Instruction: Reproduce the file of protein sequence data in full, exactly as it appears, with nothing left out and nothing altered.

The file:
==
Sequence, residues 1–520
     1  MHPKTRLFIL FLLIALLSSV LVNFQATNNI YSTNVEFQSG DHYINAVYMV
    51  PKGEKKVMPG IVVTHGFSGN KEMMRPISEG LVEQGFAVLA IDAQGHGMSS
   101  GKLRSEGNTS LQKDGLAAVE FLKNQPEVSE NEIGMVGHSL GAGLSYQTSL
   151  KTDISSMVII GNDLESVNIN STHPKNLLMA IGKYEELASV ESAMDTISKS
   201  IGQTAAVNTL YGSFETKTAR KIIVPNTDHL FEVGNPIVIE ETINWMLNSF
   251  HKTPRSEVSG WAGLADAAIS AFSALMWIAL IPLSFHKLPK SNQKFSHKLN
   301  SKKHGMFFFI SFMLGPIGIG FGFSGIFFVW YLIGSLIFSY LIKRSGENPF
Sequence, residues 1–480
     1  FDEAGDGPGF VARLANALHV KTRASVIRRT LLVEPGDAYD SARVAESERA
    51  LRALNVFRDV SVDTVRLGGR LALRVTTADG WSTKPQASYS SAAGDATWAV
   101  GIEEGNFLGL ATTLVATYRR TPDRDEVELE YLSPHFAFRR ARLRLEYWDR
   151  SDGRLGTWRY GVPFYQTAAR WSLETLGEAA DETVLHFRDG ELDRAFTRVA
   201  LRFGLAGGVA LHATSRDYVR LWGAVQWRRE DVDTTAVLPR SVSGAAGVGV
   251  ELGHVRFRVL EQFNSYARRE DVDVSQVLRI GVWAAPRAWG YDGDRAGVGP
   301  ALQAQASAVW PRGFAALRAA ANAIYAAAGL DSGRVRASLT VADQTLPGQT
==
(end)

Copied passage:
Sequence, residues 1–520
     1  MHPKTRLFIL FLLIALLSSV LVNFQATNNI YSTNVEFQSG DHYINAVYMV
    51  PKGEKKVMPG IVVTHGFSGN KEMMRPISEG LVEQGFAVLA IDAQGHGMSS
   101  GKLRSEGNTS LQKDGLAAVE FLKNQPEVSE NEIGMVGHSL GAGLSYQTSL
   151  KTDISSMVII GNDLESVNIN STHPKNLLMA IGKYEELASV ESAMDTISKS
   201  IGQTAAVNTL YGSFETKTAR KIIVPNTDHL FEVGNPIVIE ETINWMLNSF
   251  HKTPRSEVSG WAGLADAAIS AFSALMWIAL IPLSFHKLPK SNQKFSHKLN
   301  SKKHGMFFFI SFMLGPIGIG FGFSGIFFVW YLIGSLIFSY LIKRSGENPF
Sequence, residues 1–480
     1  FDEAGDGPGF VARLANALHV KTRASVIRRT LLVEPGDAYD SARVAESERA
    51  LRALNVFRDV SVDTVRLGGR LALRVTTADG WSTKPQASYS SAAGDATWAV
   101  GIEEGNFLGL ATTLVATYRR TPDRDEVELE YLSPHFAFRR ARLRLEYWDR
   151  SDGRLGTWRY GVPFYQTAAR WSLETLGEAA DETVLHFRDG ELDRAFTRVA
   201  LRFGLAGGVA LHATSRDYVR LWGAVQWRRE DVDTTAVLPR SVSGAAGVGV
   251  ELGHVRFRVL EQFNSYARRE DVDVSQVLRI GVWAAPRAWG YDGDRAGVGP
   301  ALQAQASAVW PRGFAALRAA ANAIYAAAGL DSGRVRASLT VADQTLPGQT